The present book partakes both the current and previous scholarship on the subject but breaks a new path with its exclusive focus on the Rig-Vedic and Post Rig-Vedic polity, together with a balanced and objective assessment of their features. It brings all the relevant and connected issues on to one platform, and deals with them in a holistic manner. Its unique features include:
• The “Vedic Grid”: a graphical representation and tabulations of the characteristics of each of the about 50 Vedic tribes, including information on the location of their habitat, their time line, the names of their chieftains and their linkage with priestly clans.
• A special focus on the Second Urbanization taking place in the Gangetic valley between the 6th and 4th centuries BCE. It explains how towards the end of the later Vedic period, the polity underwent a change in political, social and economic spheres which blossomed later during the period of Mauryas.
• Two appendices dealing with the theories of Aryan migration and the relationship of the Vedic Aryans with the Harappa culture and what can be ascertained by Vedic literature.
Chapter I - Introduction
Dating of the Ṛ̣gveda
Time-line of the later Vedic texts
Composition of the Ṛgveda and other Vedic texts
Chapter II - Sources and Methodology;
Chapter III - Development of Vedic Canon and Vedic Polity;
Chapter IV - Vedic Concepts of Nationalism and Sovereignty
Chapter V - Vedic Rāṣṭṛa;
Chapter VI - Important Ṛgvedic tribes:
f) Other Rig-Vedic tribes;
Chapter VII - Vedic Grid
Chapter VIII - Post Ṛgvedic tribes;
Chapter IX - Political System and Institutions during the Ṛgvedic and Post Ṛgvedic Periods
a) Institution of Kingship
b) Origin of Kingship
c) Selection or election of a King
d) Deposition of a King
e) The King’s Consecration
f) The King’s duties
g) Subsidiary Political Institutions and Administrative Apparatus
Chapter X - The Ṛgvedic and Post Ṛgvedic Social Practices
a) Social Characteristics
b) Status of Women
c) Varṇa System
Chapter XI - Vedic Values and Religious Practices
a) Concept of Ṛta
b) Cult of Sacrifice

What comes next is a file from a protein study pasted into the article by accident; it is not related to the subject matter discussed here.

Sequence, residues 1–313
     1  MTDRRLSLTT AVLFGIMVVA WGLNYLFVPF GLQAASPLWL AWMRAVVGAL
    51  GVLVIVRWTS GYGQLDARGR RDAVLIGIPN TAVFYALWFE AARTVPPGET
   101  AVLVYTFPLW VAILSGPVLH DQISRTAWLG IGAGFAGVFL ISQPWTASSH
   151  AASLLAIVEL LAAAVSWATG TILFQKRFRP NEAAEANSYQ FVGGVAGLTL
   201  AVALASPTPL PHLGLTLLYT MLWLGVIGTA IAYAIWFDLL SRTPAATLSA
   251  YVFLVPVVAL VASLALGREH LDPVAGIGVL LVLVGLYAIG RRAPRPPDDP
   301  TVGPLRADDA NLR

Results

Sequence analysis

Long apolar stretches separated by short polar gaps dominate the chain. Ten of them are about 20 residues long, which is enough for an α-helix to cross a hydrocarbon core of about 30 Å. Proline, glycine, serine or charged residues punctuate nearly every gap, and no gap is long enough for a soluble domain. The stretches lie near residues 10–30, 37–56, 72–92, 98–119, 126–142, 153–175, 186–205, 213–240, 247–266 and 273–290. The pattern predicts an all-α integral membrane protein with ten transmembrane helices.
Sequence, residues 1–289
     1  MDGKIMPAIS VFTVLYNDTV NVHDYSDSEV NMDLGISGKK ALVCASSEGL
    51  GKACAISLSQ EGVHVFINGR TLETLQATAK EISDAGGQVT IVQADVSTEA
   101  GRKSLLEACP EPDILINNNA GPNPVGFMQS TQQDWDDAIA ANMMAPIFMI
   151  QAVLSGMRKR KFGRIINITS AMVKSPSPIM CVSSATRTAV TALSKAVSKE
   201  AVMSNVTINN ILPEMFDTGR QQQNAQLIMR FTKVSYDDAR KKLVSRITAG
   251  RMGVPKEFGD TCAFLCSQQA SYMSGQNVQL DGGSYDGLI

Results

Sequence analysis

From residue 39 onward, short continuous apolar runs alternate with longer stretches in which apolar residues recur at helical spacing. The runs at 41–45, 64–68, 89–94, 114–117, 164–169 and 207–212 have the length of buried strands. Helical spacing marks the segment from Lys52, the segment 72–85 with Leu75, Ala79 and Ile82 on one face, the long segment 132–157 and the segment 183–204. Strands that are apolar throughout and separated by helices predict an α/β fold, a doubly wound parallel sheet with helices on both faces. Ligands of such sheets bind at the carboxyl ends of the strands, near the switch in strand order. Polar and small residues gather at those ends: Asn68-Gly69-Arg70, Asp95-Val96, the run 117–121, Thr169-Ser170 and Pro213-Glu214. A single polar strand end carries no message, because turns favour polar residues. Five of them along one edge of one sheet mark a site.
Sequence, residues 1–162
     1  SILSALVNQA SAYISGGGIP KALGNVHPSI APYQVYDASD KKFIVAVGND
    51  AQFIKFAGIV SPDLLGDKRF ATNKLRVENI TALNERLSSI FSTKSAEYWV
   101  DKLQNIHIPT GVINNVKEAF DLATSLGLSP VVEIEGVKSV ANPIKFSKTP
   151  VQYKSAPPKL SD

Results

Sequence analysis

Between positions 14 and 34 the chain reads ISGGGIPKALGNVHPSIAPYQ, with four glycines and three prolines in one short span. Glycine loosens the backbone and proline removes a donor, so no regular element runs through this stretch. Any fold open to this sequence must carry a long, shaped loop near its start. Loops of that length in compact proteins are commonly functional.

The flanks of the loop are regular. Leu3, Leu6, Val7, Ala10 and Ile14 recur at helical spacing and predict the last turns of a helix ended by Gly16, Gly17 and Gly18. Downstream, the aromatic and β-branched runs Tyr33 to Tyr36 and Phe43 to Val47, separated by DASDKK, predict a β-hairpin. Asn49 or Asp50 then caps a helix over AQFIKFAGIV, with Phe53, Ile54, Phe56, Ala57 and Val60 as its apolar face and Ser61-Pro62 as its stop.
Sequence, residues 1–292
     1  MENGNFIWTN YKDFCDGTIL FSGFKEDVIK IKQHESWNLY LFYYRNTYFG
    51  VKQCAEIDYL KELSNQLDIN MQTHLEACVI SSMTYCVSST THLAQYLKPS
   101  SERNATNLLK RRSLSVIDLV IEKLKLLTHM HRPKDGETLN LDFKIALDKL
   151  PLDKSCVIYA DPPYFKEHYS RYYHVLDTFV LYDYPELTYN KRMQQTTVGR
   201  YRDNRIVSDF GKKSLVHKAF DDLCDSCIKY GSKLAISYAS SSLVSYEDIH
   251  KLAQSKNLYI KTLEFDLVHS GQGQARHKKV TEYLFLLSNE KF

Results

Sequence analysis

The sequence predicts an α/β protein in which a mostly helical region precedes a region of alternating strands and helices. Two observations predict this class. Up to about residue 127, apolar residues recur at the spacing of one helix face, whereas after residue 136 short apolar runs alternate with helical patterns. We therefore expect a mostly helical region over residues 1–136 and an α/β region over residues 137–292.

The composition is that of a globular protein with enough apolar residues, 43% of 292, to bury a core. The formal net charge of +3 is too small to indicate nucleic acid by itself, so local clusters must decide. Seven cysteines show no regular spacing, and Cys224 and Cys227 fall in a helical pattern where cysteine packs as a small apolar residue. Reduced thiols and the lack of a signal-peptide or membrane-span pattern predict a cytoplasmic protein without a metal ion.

Chapter XII - Tribal Kingdoms
a) TheKuru-Pan̄cāla Ascendancy
b) Kosala-Videha Realm
Chapter XIII - Features of the Post Ṛgvedic Period
Chapter XIV - Second Urbanisation
Chapter XV- Summary and Conclusions.
Appendix I: Vedic Aryans - Migrants or Indigenous; Vedic Aryans and the Harappan Culture.
Appendix II: A Brief Outline of Vedic Literature- The Ṛgveda, The Yajur-Veda, The Sạ̄ma-Veda, The Atharva-Veda, The Brāhmaṇas, The Āraṇyakas, The Upaniṣads, The Sūtras.
List of Tables
List of Maps
Dr. R.U.S. Prasad is currently engaged in post-doctoral research as an Associate in the Department of South Asian Studies, Harvard University. This book is culmination of more than three years of research at Harvard where he works with Professor Michael Witzel which was interspersed with research work in India. His research challenges the perception of some scholars that Vedic texts focus primarily on the religious and metaphysical aspects of Indian mind. Leveraging the robust framework of time and place, Dr. Prasad brings out the political and social aspects of the Aryan expansion as it transformed from a tribal, pastoral society to the emergence of the Kuru- Pancalas, the first large confederacy and beyond. Dr. Prasad holds a Doctorate degree from Jawaharlal Nehru University, India and a Master’s degree in History and Economics from Patna University, India.
His other notable research engagements include Stanford University, where he was a visiting research fellow at the Stanford Center for International Development (SCID) where he also contributed two Working Papers which were published by SCID. Dr. Prasad has held a variety of assignments under the Government of India including that of Secretary to Government of India as also as a Member of Telecom Disputes Settlement and Appellate Tribunal. He has worked as Expert/Consultant for two Switzerland based United Nations (UN) specialized agencies, viz. International Telecommunication Union (ITU) and Universal Postal Union (UPU). He is widely travelled and has participated in many international conferences as leader of Indian delegation. He has also written a book titled ‘Resolving Disputes in Telecommunications- Global Practices and Future Challenges’ which was published by Oxford University Press, India in 2011.
Vedas, Polity, Kingship in ancient India, Varna System, Vedic tribes, Vedic Grid, Vedic Rashtra, Vedic Religious Practices, Women in Vedic India, Aryan Migration, Vedic Canon, Vedic concept of Sovereignty